The opinion of the court was delivered by: The Honorable W. Louis Sands, United States District Court
At the close of the Government's evidence, the Court heard argument on Defendant's Federal Rule of Criminal Procedure 29 Oral Motion for Judgment of Acquittal (hereinafter "Motion") during Defendant's criminal bench trial for one count of Transportation of Obscene Matters in violation of 18 U.S.C. §§ 1462 and 2. "After the government closes its evidence . . . , the court on the defendant's motion [for judgment of acquittal] must enter a judgment of acquittal of any offense for which the evidence is insufficient to sustain a conviction." Fed. R. Crim. P. 29(a). Upon passing upon a motion for judgment of acquittal, the trial judge, therefore, must grant the motion "[i]f he concludes . . . there is no evidence upon which a reasonable mind might fairly conclude guilt beyond a reasonable doubt," or he must deny it "[i]f he concludes that either of two results, a reasonable doubt or no reasonable doubt, is fairly possible." United States v. Middleton, No. CRIM.A. CR205-025, 2006 WL 156872, at *1 (S.D. Ga. Jan. 19, 2006) (citations omitted). The judge must make this determination viewing the presented evidence in a light most favorable to the Government. United States v. Williams, 260 F. Supp. 2d 1368, 1375 (S.D. Ga. 2003).
In the instant Rule 29 Motion, Defendant seeks acquittal on the only count of the indictment on the basis that the Government failed to carry its burden to show that the materials in question are obscene under Miller v. California, 413 U.S. 15 (1973). Specifically, Defendant alleges that the Government failed to meet its burden under the third prong of Miller, which requires that the Government prove that the materials lack serious literary, artistic, social or political value.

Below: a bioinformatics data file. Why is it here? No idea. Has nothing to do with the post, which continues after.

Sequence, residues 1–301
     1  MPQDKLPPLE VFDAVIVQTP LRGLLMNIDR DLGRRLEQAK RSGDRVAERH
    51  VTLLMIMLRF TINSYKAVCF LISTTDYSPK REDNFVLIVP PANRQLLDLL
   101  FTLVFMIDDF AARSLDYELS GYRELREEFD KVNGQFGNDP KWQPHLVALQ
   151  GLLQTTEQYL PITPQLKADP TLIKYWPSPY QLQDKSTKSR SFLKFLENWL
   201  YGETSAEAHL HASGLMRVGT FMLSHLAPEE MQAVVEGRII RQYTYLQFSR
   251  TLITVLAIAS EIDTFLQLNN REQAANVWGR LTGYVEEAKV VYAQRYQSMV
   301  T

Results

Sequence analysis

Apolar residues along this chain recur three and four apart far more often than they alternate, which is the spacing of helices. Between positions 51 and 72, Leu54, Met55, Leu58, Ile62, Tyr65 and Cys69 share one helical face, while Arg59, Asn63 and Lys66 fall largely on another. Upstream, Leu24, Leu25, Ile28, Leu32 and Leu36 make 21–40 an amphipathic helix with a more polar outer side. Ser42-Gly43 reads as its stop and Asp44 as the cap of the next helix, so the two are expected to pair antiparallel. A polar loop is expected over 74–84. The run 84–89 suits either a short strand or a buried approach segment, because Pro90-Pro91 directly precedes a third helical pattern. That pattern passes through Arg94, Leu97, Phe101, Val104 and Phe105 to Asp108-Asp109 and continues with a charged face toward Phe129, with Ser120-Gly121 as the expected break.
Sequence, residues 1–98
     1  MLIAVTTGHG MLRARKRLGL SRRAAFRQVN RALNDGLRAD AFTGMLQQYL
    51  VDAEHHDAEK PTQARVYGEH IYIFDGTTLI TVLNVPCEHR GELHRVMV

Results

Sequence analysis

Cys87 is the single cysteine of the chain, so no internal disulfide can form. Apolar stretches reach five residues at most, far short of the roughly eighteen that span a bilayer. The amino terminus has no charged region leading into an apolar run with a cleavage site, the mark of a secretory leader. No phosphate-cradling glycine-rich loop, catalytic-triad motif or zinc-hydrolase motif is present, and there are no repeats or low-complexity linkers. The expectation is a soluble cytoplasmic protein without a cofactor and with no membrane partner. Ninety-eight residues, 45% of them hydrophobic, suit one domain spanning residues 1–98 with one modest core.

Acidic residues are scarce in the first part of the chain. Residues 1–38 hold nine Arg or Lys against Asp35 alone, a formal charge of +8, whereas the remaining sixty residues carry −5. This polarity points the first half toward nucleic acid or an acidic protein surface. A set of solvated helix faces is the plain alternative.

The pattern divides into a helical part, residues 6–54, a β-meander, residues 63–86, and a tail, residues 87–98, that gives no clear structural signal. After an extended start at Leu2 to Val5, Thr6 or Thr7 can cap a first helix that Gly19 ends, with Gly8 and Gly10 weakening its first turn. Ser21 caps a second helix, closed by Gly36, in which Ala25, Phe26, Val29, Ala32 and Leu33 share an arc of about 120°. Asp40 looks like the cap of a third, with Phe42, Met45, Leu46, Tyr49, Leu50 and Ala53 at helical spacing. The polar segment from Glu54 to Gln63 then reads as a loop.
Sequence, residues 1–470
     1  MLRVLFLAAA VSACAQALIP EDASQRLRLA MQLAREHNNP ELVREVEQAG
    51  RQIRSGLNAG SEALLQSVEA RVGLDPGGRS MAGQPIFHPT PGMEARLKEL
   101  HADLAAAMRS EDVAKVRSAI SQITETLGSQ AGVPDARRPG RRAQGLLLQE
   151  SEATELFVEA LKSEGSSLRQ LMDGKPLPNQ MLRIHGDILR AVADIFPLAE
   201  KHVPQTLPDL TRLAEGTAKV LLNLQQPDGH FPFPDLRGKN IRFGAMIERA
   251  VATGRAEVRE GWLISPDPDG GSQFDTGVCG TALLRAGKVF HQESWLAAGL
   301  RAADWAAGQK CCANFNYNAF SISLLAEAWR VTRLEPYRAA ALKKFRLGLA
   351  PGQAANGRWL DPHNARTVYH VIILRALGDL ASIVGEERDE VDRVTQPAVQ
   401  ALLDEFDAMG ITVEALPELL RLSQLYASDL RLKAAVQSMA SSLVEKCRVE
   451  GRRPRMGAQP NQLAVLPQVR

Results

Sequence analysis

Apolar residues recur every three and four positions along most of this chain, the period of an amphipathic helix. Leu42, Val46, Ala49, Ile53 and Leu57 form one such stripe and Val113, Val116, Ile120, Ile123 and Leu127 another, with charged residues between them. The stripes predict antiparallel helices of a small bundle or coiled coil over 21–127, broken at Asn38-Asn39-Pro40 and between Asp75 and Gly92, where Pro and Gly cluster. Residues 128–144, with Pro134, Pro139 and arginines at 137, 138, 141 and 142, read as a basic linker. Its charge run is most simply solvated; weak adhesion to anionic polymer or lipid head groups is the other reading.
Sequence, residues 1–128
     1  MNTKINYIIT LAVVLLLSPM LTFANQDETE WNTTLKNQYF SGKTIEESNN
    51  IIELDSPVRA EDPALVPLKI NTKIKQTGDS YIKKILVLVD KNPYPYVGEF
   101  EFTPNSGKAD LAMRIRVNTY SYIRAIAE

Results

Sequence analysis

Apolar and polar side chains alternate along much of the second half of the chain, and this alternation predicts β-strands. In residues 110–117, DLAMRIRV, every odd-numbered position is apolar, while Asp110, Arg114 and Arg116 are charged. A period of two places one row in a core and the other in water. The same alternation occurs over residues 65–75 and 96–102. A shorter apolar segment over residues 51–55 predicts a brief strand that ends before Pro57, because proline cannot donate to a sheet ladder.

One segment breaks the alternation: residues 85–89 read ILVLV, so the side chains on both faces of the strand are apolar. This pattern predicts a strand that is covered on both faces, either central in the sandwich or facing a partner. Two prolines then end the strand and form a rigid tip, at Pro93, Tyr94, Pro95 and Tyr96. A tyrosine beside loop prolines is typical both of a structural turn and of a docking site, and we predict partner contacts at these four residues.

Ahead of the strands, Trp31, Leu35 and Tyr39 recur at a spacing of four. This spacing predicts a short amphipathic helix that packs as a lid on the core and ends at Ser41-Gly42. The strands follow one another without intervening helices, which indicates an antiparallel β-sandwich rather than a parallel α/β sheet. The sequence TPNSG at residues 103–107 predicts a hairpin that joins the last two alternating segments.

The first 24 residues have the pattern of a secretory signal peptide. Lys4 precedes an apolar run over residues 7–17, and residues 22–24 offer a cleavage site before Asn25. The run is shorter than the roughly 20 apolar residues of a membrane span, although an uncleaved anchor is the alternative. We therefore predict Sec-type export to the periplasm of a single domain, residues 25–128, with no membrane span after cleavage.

According to Defendant, Miller requires a finding that the work, when taken as a whole, lacks serious literary, artistic, political or scientific value. Focusing on the cornerstone of the American Justice System-that a defendant is presumed innocent until proven guilty- Defendant essentially argues that his stories should be considered prima facie artistic unless the Government can provide evidence to rebut this prima facie artistic character. In support of this argument, Defendant relies heavily on Luke Records, Inc. v. Navarro, 960 F.2d 134 (11th Cir. 1992) (per curiam). For the following reasons, the Court finds that the Eleventh Circuit's per curiam opinion in Navarro does not stand for the proposition that the Government has not met its burden in this case.
A.Luke Records, Inc. v. Navarro
In Navarro, the Eleventh Circuit was confronted with the question of whether a record entitled "As Nasty As They Wanna Be" was obscene by the standards set forth in Miller. The record company and musical group that produced recording Nasty sought declaratory and injunctive relief after a sheriff in Florida County obtained an ex parte order declaring the record to be obscene. In support of his position, the sheriff introduced only the tape itself. On the contrary, the defendants introduced expert testimony regarding the serious musical value of the record. After reviewing the evidence, the judge concluded that, when considered on the whole, the musical devices utilized in Nasty "do not lift Nasty to the level of a serious artistic work. Once the riffs are removed, all that remains is the ...